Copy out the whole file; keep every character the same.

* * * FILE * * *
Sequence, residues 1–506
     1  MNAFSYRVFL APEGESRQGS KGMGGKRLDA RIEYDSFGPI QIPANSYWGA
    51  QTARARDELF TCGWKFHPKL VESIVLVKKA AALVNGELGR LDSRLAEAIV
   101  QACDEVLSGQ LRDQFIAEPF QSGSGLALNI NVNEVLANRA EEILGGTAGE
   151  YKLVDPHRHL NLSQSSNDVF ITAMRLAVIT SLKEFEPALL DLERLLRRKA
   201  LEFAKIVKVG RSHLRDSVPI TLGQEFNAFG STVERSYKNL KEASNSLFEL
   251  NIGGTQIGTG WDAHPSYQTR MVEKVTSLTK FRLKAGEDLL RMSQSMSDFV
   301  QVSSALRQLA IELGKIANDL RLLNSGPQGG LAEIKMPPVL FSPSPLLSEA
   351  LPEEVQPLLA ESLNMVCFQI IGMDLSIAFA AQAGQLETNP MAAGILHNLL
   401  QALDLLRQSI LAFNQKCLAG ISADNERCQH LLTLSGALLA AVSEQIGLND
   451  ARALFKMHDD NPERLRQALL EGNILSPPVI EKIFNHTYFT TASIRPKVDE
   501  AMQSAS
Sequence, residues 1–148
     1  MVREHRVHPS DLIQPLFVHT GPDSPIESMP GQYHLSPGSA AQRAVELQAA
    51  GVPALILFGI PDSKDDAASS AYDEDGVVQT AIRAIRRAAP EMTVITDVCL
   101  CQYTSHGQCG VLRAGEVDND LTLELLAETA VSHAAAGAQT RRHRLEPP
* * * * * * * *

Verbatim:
Sequence, residues 1–506
     1  MNAFSYRVFL APEGESRQGS KGMGGKRLDA RIEYDSFGPI QIPANSYWGA
    51  QTARARDELF TCGWKFHPKL VESIVLVKKA AALVNGELGR LDSRLAEAIV
   101  QACDEVLSGQ LRDQFIAEPF QSGSGLALNI NVNEVLANRA EEILGGTAGE
   151  YKLVDPHRHL NLSQSSNDVF ITAMRLAVIT SLKEFEPALL DLERLLRRKA
   201  LEFAKIVKVG RSHLRDSVPI TLGQEFNAFG STVERSYKNL KEASNSLFEL
   251  NIGGTQIGTG WDAHPSYQTR MVEKVTSLTK FRLKAGEDLL RMSQSMSDFV
   301  QVSSALRQLA IELGKIANDL RLLNSGPQGG LAEIKMPPVL FSPSPLLSEA
   351  LPEEVQPLLA ESLNMVCFQI IGMDLSIAFA AQAGQLETNP MAAGILHNLL
   401  QALDLLRQSI LAFNQKCLAG ISADNERCQH LLTLSGALLA AVSEQIGLND
   451  ARALFKMHDD NPERLRQALL EGNILSPPVI EKIFNHTYFT TASIRPKVDE
   501  AMQSAS
Sequence, residues 1–148
     1  MVREHRVHPS DLIQPLFVHT GPDSPIESMP GQYHLSPGSA AQRAVELQAA
    51  GVPALILFGI PDSKDDAASS AYDEDGVVQT AIRAIRRAAP EMTVITDVCL
   101  CQYTSHGQCG VLRAGEVDND LTLELLAETA VSHAAAGAQT RRHRLEPP